A year ago, when the award-winning play was originally skedded for broadcast, it was pre-empted because of the tsunami relief concert. A few months later, a documentary on the just-deceased pope bumped the program from its rescheduled April time slot. And then there was the CBC summer labour dispute.
"I don't want to make light of those events," says Earle, "but my confidence is pretty high it will air."
Earle has more than one reason to feel confident. Besides the work's small-screen debut directed by Mark Staunton Earle is still relishing its triumph as a play at last year's New York Fringe Festival. After the Chalmers Award-winning script got excerpted in the New York Times, it received rave reviews.
In a way, that experience in the Big Apple helped fine-tune his play Democrats Abroad, which he and director/dramaturge Shari Hollett debuted at last year's SummerWorks festival. A revised version previews later this week at the Factory Studio.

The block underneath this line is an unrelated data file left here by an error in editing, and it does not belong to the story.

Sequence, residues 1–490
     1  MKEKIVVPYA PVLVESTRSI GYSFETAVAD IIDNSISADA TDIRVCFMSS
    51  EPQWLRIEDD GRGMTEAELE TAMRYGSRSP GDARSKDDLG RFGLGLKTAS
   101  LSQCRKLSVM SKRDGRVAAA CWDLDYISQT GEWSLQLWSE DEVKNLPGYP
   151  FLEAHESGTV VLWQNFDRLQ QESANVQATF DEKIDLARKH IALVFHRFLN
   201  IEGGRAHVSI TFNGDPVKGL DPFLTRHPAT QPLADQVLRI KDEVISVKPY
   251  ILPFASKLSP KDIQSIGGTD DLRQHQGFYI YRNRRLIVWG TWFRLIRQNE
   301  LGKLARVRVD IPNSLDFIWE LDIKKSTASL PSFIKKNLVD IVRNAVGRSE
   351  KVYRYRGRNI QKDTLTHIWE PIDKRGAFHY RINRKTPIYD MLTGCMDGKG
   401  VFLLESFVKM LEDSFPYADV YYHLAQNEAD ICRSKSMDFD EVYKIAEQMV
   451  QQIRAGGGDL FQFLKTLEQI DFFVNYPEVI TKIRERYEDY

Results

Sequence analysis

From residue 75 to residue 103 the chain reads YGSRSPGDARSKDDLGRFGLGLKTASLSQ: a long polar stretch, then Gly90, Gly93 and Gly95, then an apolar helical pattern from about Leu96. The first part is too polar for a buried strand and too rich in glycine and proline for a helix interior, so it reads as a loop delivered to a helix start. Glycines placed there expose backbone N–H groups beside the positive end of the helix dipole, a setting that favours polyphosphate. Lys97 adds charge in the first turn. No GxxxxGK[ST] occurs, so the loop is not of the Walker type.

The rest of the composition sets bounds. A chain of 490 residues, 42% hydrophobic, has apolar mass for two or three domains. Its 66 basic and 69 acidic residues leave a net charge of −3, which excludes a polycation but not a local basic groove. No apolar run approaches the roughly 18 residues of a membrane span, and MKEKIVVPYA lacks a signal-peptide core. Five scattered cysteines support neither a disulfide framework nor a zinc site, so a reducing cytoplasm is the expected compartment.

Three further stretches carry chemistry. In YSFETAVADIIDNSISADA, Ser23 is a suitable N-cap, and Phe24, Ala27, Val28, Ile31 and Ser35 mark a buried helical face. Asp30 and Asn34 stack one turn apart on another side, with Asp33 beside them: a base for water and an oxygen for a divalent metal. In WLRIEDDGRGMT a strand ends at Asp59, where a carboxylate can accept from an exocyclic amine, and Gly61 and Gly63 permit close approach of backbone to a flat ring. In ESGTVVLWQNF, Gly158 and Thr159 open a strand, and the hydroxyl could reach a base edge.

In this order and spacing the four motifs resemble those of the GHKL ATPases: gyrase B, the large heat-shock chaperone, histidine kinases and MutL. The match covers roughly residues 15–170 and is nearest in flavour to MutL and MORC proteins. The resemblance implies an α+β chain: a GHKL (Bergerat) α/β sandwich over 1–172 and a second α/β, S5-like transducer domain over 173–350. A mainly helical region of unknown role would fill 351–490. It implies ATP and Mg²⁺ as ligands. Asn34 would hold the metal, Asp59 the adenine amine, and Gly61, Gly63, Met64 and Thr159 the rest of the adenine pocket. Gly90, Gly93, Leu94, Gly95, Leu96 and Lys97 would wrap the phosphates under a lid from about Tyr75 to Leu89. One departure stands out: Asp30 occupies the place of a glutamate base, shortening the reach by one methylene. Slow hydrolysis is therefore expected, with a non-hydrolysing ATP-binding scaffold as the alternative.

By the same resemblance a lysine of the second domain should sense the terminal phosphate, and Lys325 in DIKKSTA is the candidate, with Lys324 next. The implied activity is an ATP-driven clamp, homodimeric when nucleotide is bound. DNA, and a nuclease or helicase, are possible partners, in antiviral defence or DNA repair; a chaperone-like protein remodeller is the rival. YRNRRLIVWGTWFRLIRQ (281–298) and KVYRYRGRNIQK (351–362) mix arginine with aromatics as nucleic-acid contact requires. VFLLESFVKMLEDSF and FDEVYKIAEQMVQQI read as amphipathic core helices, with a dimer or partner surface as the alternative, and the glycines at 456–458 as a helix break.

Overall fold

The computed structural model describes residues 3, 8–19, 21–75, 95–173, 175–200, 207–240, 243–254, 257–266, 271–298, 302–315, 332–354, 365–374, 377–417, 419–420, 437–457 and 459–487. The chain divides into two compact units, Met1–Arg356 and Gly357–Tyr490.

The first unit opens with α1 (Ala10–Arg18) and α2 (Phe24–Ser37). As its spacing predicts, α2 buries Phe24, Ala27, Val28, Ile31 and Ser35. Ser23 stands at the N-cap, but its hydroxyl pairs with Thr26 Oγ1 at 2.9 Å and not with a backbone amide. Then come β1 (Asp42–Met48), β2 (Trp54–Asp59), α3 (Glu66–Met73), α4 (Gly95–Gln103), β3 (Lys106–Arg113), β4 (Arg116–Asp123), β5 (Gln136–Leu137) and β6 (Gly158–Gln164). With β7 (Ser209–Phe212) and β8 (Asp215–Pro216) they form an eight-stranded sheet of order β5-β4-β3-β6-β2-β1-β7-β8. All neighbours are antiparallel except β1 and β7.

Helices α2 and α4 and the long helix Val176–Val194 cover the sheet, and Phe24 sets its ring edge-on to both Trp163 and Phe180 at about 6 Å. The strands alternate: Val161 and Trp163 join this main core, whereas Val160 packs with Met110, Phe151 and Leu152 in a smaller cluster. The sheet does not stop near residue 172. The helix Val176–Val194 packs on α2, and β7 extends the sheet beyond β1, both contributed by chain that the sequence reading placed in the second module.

The play shows what happens when liberal American artists, fearing their country's conservative crackdown, decide to migrate en masse to Canada. Earle plays an actor who falls in love with a New York actor/activist named Angela.
"After the election, there were all those joke e-mails and redrawn maps of North America," he laughs. "I'd been thinking about a play about New Yorkers coming to Toronto and why that might happen. It was a big "What if?' scenario, and it was fun to imagine things coming to a head."
Earle was originally going to play an immigration lawyer, but soon gave up on the idea and decided to write what he knew about.